• Speaking of ascending mathematical relationships: 1d [1,000, vis-à-vis 10] CUBE.
  • 4d [Thumb, for one] TOM. That was sneakily terse. Plus the masked capital.
  • Also tricky: 45d [Bangs but not eyebrows, say] NOISES, and 5a [Visual or aural: Abbr.] ADJ.
  • 18d [Sch. that gave Richard Gere a gymnastics scholarship] UMASS. News to me, but I can easily imagine him as a gymnast. Maybe it’s the haircuts/
  • Not exactly wow-quality, but I feel obligated: 36a/65a [Tool with a blade set at 90° to the handle] HOE, ADZE.
  • 29d [Half of an ironic pair?] QUOTE MARK. More formally, quotation mark.
  • 33d [Probable modern-day locale of the biblical kingdom of Sheba] YEMEN; 9d [Choleric blog posts] RANTS. Not getting enough attention: the worst cholera epidemic in history is happening right now in Yemen. More downers: 3d [Like lots of land in the Mesabi Range, once] STRIP MINED, 31d [Coerced into crewmanship] SHANGHAIED.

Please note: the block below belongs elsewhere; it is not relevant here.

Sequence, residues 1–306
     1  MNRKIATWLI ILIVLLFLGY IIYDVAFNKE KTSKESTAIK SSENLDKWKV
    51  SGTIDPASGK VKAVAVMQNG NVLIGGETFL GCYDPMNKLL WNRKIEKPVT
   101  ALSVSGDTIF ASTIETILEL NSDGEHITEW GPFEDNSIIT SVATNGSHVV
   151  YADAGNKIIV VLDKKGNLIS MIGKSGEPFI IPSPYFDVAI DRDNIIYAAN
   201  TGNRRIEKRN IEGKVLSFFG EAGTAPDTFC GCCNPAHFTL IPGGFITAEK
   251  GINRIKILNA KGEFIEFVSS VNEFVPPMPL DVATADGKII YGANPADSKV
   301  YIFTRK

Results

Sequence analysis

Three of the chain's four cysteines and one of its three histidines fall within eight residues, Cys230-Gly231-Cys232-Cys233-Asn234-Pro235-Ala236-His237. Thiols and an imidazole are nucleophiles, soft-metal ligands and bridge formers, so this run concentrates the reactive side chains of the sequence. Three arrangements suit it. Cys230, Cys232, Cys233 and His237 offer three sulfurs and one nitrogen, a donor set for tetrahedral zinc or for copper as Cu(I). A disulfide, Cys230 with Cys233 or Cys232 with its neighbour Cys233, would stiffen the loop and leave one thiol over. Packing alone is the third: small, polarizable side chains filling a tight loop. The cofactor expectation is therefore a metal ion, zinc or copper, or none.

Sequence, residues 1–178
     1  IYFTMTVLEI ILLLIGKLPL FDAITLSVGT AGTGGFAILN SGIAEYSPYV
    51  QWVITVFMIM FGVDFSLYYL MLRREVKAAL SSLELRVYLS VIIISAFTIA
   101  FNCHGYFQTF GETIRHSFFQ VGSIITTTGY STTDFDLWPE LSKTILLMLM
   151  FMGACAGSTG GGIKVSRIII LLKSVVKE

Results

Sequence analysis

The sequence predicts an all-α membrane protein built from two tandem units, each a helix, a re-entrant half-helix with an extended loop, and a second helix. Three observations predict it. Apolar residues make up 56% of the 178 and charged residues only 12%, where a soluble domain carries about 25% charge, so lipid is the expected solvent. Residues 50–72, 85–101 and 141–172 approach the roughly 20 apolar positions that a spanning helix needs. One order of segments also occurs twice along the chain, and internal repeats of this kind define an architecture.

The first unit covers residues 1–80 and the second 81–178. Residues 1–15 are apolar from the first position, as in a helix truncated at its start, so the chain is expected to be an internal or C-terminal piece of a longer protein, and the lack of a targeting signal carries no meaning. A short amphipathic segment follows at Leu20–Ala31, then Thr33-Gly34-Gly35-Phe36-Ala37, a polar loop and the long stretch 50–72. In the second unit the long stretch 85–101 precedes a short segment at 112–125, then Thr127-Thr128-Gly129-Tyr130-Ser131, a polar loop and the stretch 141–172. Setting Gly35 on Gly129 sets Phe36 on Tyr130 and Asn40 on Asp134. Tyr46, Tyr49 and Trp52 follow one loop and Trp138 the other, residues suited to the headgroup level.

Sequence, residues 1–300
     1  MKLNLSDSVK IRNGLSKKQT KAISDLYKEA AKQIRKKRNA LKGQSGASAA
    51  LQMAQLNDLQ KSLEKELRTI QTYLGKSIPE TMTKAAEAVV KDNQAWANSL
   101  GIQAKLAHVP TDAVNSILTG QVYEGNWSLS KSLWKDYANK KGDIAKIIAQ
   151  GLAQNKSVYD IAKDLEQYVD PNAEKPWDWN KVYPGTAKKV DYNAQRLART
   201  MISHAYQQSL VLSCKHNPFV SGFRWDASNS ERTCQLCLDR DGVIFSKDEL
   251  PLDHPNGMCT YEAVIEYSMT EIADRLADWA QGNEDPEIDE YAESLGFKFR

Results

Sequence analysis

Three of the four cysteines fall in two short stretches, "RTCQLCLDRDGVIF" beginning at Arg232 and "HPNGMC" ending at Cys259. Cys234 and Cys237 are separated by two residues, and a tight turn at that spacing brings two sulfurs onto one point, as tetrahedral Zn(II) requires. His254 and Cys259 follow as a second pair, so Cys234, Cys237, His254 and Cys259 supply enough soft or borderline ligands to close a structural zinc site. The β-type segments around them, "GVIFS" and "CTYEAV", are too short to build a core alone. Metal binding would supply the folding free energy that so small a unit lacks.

• Favorite clue: 28d [Thinly-disguised prohibition?] IXNAY.

Solid—no wait, plain—theme and a well-constructed grid.

Jeffrey Wechsler’s LA Times crossword – Gareth’s write-up

LA Times

The theme exhorts LETSHAVESOMEFUN, but I found the three part “wacky” theme a bit flat… FUN is added to three answers: DEMANDA(FUN)CTION, CHERRYRE(FUN)D, and (FUN)GALFRIDAY. Only ever encountered this as GIRL, and it’s flagged in several dictionaries as “offensive”… I guess the GAL to FUNGAL change was too good to resist… still.

I finished at DASHI, which I’ve never encountered and had difficulty believing in… It didn’t help I was less than 100% confident in DIALER, AMF or SMU, but I couldn’t come up with anything other than IMMENSELY so… I bet quite a few of us will suffer deja vu on seeing [Tracy/Hepburn classic], ADAMSRIB today! EATTORENT and REPOMAN are other good longer answers.